This gif isn’t related to what we’re reading – kinda. But the title of Pariser’s 7th chapter has just… got this song stuck in my head. When I was five the Spice Girls were life, don’t judge.
What I really want to talk more about is Pariser’s section on robots. The reason being is because that is why I originally came to MSU. My plan was to build longevity robots to help keep seniors in their home longer. I don’t like nursing and care homes, I think there are people who are placed there just because they’ve become a burden on their family. Younger and younger seniors are being shipped off to care homes and I think it’s interesting the greed that is behind that. Anyway, get off my soap box about elder care. I wanted to (and still want to) build robots to help the elderly maintain their independence in the home. Not only to help with chores but because the elderly do face issues of being lonely. Loneliness is a prominent issue in the United States and the UK when it comes to the elderly. Which is why programs like A Place at the Table, an adult foster care home in Minnesota, are so important. People get to busy to care for their aging family members and APatT works to give the elderly in their care social experiences to help keep them happy and healthy. It prides itself on providing personalized care for every senior living with them (though their license only allows 4 people at a time). My idea that robots can provide a lot of these same services isn’t false, but APatT provides something a machine can’t, the human based interactions that we crave.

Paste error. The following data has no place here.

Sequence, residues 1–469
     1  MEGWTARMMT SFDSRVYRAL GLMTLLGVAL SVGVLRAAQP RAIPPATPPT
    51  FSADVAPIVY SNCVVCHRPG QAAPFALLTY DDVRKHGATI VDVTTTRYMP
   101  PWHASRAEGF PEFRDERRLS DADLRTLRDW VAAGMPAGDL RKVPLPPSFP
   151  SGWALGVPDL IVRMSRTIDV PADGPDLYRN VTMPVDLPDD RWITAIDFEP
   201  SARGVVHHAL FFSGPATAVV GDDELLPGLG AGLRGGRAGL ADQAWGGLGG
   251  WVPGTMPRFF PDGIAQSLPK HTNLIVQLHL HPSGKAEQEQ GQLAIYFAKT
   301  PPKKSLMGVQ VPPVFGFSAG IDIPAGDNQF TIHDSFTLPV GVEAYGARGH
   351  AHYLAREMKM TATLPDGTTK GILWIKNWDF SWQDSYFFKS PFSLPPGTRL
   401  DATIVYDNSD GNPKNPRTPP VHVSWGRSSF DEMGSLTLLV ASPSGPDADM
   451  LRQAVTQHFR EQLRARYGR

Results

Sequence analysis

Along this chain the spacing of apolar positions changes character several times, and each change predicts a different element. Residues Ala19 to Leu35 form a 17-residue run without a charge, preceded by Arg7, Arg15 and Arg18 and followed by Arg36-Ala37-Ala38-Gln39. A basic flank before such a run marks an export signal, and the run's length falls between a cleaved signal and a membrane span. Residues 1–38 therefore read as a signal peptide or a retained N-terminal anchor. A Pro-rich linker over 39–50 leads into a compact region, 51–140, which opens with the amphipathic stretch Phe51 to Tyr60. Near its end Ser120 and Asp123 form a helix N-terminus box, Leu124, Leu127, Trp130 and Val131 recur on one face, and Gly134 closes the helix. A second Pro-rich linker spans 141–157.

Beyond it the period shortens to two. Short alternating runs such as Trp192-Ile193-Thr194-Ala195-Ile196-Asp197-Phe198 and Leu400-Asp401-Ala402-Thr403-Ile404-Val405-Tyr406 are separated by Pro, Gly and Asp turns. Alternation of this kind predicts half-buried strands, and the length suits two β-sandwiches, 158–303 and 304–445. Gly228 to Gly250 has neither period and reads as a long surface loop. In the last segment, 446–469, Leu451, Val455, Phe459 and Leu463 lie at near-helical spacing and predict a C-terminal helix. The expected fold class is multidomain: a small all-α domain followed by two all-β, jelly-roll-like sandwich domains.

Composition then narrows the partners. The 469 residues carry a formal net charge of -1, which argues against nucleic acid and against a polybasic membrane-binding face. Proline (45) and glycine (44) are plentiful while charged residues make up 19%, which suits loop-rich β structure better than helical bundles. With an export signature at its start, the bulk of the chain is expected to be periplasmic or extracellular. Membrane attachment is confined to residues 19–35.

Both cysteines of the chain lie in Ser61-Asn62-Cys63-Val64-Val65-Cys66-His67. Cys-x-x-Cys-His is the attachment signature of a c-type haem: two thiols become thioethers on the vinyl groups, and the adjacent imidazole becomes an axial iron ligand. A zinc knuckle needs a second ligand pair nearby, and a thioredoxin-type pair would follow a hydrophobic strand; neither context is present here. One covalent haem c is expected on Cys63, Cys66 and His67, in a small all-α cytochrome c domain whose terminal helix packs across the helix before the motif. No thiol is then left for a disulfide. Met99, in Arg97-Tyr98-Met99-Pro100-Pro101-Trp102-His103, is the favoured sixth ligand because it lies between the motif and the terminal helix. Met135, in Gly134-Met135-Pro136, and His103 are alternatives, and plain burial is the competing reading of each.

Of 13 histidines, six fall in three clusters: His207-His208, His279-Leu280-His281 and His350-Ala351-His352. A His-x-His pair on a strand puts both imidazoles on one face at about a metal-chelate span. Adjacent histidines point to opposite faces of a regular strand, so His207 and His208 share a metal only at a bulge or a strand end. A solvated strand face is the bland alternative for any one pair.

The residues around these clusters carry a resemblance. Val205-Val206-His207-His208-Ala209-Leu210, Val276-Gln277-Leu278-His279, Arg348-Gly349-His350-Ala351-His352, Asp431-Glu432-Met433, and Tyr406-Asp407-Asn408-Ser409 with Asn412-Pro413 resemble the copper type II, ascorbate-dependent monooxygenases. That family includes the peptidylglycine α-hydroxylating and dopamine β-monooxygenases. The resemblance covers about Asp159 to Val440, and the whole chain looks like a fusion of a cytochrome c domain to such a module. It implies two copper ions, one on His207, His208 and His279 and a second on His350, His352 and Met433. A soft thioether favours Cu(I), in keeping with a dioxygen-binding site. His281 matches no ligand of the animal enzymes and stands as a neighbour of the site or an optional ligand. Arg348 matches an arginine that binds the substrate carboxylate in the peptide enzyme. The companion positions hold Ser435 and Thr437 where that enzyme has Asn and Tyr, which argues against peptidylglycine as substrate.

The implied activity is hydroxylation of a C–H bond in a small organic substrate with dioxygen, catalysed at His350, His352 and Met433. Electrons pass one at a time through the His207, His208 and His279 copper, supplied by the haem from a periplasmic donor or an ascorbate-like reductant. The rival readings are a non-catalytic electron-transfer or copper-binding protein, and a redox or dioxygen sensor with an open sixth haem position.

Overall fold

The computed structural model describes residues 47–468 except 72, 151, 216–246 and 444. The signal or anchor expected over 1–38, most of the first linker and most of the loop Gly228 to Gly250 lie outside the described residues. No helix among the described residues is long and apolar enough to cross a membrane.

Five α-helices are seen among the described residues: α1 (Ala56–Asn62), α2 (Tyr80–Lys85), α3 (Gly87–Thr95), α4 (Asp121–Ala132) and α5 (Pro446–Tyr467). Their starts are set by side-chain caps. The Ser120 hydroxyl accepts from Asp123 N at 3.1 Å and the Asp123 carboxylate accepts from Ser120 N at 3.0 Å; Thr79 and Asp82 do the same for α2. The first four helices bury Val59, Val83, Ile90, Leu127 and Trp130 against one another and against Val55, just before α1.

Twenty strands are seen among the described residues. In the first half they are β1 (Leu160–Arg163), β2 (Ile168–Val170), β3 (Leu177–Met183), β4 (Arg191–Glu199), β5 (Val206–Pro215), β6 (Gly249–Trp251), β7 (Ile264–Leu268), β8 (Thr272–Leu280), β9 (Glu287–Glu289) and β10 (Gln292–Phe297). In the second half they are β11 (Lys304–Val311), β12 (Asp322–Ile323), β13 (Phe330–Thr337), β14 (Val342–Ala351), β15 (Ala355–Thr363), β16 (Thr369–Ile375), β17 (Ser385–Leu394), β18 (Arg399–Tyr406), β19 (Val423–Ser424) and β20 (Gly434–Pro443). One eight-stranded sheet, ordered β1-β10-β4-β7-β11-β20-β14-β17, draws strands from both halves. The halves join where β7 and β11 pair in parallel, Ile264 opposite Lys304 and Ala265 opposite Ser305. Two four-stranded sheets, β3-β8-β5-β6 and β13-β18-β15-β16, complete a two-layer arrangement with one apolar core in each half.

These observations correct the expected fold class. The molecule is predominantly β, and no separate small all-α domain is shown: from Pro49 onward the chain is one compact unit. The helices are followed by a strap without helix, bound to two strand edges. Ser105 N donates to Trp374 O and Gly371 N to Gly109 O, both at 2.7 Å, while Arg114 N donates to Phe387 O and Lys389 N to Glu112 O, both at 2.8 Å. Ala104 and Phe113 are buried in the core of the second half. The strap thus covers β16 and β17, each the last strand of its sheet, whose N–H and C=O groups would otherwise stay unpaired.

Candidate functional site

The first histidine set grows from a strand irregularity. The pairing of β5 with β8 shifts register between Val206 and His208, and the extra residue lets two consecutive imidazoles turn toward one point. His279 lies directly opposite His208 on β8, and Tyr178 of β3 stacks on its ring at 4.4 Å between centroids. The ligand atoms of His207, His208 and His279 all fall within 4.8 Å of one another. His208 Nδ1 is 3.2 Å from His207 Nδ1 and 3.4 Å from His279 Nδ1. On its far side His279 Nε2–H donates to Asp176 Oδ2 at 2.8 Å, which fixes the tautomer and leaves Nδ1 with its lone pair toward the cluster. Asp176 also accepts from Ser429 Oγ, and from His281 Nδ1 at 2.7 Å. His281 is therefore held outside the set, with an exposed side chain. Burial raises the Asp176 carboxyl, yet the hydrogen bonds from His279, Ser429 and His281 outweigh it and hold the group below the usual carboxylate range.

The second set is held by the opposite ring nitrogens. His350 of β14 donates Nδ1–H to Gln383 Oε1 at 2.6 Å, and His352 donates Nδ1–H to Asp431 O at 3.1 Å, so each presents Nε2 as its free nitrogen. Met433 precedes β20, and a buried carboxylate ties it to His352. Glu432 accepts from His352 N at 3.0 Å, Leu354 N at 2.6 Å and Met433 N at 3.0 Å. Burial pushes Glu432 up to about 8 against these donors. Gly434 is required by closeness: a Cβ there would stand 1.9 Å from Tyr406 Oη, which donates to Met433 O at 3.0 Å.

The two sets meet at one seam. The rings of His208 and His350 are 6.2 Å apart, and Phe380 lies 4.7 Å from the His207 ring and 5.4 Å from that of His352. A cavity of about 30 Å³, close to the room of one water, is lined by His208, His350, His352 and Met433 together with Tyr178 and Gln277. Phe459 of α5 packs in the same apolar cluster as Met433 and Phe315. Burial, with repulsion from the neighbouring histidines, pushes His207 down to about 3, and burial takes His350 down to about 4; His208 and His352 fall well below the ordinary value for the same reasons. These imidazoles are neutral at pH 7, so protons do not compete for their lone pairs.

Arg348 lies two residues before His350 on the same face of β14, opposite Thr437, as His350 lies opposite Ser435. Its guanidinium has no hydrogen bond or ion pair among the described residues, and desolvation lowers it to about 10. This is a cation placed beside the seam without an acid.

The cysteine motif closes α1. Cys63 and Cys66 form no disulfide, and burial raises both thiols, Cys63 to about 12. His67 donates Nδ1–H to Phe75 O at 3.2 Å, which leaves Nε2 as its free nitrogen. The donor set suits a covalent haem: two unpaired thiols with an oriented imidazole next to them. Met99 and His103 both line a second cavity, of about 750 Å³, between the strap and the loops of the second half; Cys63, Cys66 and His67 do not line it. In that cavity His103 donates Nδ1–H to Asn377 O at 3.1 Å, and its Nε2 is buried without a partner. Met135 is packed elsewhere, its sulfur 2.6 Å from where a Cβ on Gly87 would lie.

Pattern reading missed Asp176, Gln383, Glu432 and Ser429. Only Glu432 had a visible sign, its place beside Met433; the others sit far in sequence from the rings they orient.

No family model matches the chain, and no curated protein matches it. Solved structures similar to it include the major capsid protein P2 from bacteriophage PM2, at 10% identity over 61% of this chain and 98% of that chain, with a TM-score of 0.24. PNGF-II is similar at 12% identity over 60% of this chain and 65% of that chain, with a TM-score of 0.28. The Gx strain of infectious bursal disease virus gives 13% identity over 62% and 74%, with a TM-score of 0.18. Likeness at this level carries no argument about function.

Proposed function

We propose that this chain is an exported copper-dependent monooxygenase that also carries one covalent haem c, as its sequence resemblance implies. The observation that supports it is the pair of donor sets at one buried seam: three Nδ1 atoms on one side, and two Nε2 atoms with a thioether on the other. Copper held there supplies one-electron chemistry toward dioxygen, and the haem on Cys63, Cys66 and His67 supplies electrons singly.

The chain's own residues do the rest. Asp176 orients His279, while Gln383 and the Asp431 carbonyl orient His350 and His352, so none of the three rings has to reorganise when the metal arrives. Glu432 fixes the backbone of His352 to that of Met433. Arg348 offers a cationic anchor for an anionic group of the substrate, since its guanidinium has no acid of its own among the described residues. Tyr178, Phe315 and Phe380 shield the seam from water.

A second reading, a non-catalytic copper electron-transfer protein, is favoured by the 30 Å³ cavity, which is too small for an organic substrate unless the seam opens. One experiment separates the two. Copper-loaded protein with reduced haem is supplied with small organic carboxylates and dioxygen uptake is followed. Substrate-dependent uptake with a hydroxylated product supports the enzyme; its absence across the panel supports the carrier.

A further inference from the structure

That being said, I am so uncomfortable with the idea that I can be reduced to a code in a system. I know I already am. I know that this blog post connects with my social media while that social media is found via a string of letters and with my involvement in social media almost my entire life is accessible via that string of letters. Come December that is going to change, because I’m removing myself from a lot of social media in the coming year (with graduation, prospective jobs, and so forth). But there will always be a string of letters that makes up who I am online. Pariser touches on topics in chapter 7 that make me so uncomfortable. I hate the idea of facial recognition software, if only because I don’t want to be accused of crimes I didn’t commit but am accused of committing because the software said it was me. I always feel like I need to be Arnold Schwarzenegger in Total Recall when he goes through security. I have a gif for that but it’s very flashy and I don’t want anyone coming across it and it triggering a seizure disorder.
We are numbers already. Everything about us comes down to a number. Our numbers are bought and sold everyday.